Most people know the health reasons why you shouldn’t smoke (like lung cancer), but a new study in the journal, JAMA Internal Medicine, shows that there’s a strong financial hindrance as well. In the study, smokers remained unemployed longer than their non-smoking counterparts and when they did finally find a job, it was for less money than nonsmokers. Smokers also made five dollars per hour less than non-smokers (which resulted in about $8,300 annually) and were also 30 percent less likely to find another job once they lost their current one (compared to their nonsmoker counterparts).
The reason: According to the lead authors of the study, tobacco use among employees is associated with greater health care costs, unproductive time, and absenteeism. “If employers know this, then they are going to be less likely to hire a smoker than a nonsmoker, everything else being equal,” explains Jon Macy, PhD, Assistant Professor of Applied Health Science in the School of Public Health at IU Bloomington. After all, what employer wants to incur all those additional costs and downsides that may accompany their new employee?
But how would an employer know that you’re smoker? “It is perfectly legal to ask people about smoking—and even test them—as a contingency for employment,” says Macy. Not to mention smokers basically wear a calling card: their smell. “It is hard to cover up the smell of smoke on clothing,” says Cathlene Hardy Hansen, PhD, Director of Health and Wellness Education at Indiana University Health Center.
Additionally, there’s a new emphasis on life balance in the work force. “Some employers are finding more flexibility in dress code, pets at work and flex hours. We are also seeing a new level of health awareness that will likely include a high expectation of potential employees,” says Hansen. Smoking is not indicative of living a healthy lifestyle, which may prevent smokers from getting jobs. “It’s no real surprise that research is confirming this,” says Hansen.
In addition to employment issues, smoking has a host of health ramifications.
“We know that smoking hinders circulation to extremities and thus the early wrinkling of skin, poor dental health and loss of energy,” says Hansen. “Plus, smoking depletes the body of vitamin C, weakening immunity. One cigarette can rob the body of the equivalent of one orange in vitamin C.” Other health ramifications of smoking include:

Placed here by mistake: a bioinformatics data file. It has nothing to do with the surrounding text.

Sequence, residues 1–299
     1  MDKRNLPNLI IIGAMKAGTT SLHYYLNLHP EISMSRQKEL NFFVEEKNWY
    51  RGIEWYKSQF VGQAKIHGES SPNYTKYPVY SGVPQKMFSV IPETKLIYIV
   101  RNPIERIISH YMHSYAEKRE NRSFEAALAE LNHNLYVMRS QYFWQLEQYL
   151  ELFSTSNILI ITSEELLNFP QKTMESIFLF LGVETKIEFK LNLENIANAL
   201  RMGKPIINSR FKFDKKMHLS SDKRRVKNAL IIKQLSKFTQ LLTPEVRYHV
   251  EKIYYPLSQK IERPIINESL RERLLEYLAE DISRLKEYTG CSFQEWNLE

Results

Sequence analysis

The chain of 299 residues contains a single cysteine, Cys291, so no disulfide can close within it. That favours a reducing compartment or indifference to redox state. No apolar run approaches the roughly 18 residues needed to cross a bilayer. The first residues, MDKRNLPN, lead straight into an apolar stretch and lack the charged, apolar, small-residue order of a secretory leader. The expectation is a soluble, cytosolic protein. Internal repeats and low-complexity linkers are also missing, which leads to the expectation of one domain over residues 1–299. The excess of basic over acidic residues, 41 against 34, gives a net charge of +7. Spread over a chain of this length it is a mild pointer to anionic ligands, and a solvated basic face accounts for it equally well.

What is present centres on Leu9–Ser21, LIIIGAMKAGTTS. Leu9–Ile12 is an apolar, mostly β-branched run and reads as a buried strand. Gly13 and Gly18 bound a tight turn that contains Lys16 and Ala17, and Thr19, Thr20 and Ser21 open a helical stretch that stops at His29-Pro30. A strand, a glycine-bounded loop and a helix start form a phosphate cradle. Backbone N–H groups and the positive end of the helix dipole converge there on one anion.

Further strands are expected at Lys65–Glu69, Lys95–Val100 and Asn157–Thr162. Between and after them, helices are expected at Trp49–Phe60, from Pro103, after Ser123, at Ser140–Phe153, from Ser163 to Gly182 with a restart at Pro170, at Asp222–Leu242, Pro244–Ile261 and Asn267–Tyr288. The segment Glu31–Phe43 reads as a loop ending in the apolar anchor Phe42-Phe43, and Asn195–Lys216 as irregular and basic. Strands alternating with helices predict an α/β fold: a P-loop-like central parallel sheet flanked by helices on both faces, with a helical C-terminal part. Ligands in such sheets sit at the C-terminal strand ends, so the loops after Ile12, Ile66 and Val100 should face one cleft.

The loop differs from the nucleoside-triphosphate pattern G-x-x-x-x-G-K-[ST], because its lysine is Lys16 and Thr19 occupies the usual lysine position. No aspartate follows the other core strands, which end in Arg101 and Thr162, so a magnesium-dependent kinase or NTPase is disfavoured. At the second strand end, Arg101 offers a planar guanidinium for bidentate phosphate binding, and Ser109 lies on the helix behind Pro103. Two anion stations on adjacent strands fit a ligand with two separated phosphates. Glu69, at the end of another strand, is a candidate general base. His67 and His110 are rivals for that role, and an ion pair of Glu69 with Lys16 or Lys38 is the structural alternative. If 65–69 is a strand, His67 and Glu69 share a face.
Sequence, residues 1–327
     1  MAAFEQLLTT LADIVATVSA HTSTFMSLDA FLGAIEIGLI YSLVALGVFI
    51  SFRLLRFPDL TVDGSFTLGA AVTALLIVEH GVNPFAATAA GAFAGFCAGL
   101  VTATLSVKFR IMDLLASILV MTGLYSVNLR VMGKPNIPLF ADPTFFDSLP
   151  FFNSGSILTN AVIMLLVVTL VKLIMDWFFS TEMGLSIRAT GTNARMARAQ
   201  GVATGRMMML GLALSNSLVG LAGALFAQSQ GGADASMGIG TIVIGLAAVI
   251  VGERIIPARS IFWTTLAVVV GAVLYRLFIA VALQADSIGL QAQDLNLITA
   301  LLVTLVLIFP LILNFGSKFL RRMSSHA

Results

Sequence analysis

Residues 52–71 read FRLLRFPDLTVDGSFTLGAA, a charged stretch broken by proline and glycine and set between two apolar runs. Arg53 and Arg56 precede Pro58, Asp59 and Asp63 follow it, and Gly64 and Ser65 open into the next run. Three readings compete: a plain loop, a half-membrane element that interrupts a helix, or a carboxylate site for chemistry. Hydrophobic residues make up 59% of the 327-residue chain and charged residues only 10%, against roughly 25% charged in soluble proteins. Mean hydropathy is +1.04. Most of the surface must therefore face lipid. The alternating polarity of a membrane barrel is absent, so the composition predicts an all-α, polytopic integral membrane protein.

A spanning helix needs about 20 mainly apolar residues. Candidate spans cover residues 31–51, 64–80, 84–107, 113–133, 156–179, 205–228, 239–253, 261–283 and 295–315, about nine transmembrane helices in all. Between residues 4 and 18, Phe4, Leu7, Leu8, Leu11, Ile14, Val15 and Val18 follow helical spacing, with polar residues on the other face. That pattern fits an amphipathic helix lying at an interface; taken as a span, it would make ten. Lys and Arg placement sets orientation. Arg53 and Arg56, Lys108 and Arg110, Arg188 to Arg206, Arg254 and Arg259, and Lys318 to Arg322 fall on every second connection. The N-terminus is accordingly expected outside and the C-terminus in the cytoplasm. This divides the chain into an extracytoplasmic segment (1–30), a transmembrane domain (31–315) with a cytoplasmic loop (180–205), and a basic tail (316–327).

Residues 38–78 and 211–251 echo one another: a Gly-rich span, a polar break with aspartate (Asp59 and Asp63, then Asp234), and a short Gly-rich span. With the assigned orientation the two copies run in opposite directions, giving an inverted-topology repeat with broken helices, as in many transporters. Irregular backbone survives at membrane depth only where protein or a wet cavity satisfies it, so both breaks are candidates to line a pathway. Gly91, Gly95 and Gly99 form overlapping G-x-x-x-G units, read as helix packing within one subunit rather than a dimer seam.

- Higher blood pressure
- When used during pregnancy can cause lower birth weight
- Can contribute to asthma in children and cancer in family pets.
How to quit
“ Quitting is about behavior change. We need to focus more on what we are going to add to our daily routine in place of tobacco use rather than focus on giving up something we enjoy,” says Hansen. She recommends the 4 D's to address cravings:
- Delay: Wait 10 minutes when the feeling to light up first emerges—cravings only last 5-7 minutes.
- Drink: Sip water when you’re having a craving. This will occupy your hands and mouth and fill you up.
- Deep breathing: Fill those lungs slowly with oxygen and then slowly exhale. “You are simulating an inhale—without the tobacco—and your brain is happy,” says Hansen.
- Distract: Busy yourself with something that puts your hands to task, such as crafts, knitting, painting or journaling.
Know your triggers. Everyone has a trigger system. Right after drinking coffee/alcohol, driving, socializing, work or study breaks, after a meal—all of these can trigger cigarette cravings. Knowing what your trigger is can make you more aware of changing that routine, says Hansen. For instance, instead of smoking during lunch, go for a walk instead.
Take part in a tobacco cessation program. “Research shows that tobacco users that quit cold turkey are 40 percent more likely to relapse,” notes Hansen. However, the support, coaching and nicotine replacement products used in cessation programs help people reduce or quit tobacco use in a non-judgmental and individualized environment. “We know that encouragement and support are a far better approach to coaching individuals through the quitting process,” says Hansen. “Like any addiction you often see relapse. Stay positive and keep your eye on your goal. Pat yourself on the back for taking that first step.”
-- By Judy Koutsky